Professor Achcar will explore the long-term revolutionary and counter-revolutionary processes initiated by the Arab Spring and explore how these complex dynamics might reshape the Middle East.
The Arab Spring of 2011 was but the beginning of a long-term revolutionary process, rendered much more complicated than other revolutionary processes by specific socio-political features -- rentierism and patrimonialism -- of the dominant Arab state system.
Another complicating specific feature is the fact that counter-revolution in the Arab region is two-pronged: the revolutionary process confronts not only the established regimes, but also their Islamic fundamentalist contenders.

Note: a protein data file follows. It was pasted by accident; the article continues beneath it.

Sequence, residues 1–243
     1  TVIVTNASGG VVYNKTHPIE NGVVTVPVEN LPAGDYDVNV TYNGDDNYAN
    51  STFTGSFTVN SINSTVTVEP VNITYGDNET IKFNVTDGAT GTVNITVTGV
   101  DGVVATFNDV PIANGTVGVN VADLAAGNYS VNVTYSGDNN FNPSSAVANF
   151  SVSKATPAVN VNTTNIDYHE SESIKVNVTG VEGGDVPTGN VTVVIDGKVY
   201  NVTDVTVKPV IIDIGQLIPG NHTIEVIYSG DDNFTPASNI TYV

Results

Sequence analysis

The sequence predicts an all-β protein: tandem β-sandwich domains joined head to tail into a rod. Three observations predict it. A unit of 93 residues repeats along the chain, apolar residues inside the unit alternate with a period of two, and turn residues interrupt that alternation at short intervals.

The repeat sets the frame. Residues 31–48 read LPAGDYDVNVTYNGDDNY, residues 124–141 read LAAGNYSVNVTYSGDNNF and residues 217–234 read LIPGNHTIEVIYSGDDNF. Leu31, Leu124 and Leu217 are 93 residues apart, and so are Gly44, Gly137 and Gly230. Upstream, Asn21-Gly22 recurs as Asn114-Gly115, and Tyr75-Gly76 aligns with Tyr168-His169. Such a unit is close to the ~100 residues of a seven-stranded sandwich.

These peculiarities, combined with the intrinsic weakness of progressives in the region, provide the main explanation for the shift from the initial revolutionary phase to the ongoing counter-revolutionary phase that started in 2013.
The various dynamics of this shift will be assessed in the light of the particular conditions that prevail in the different key theaters of the 2011 uprising.
The region will find no new stability as long as no solution emerges for the explosive socio-economic factors behind the Arab Spring.
Gilbert Achcar grew up in Lebanon, researched and taught in Beirut, Paris and Berlin, and is currently, since 2007, Professor of Development Studies and International Relations at the School of Oriental and African Studies (SOAS, University of London).
His many books include: The Clash of Barbarisms: The Making of the New World Disorder, published in 15 languages; Perilous Power: The Middle East and U.S. Foreign Policy, co-authored with Noam Chomsky; the critically acclaimed The Arabs and the Holocaust: The Arab-Israeli War of Narratives; Marxism, Orientalism, Cosmopolitanism; The People Want: A Radical Exploration of the Arab Uprising, and most recently Morbid Symptoms: Relapse in the Arab Uprising.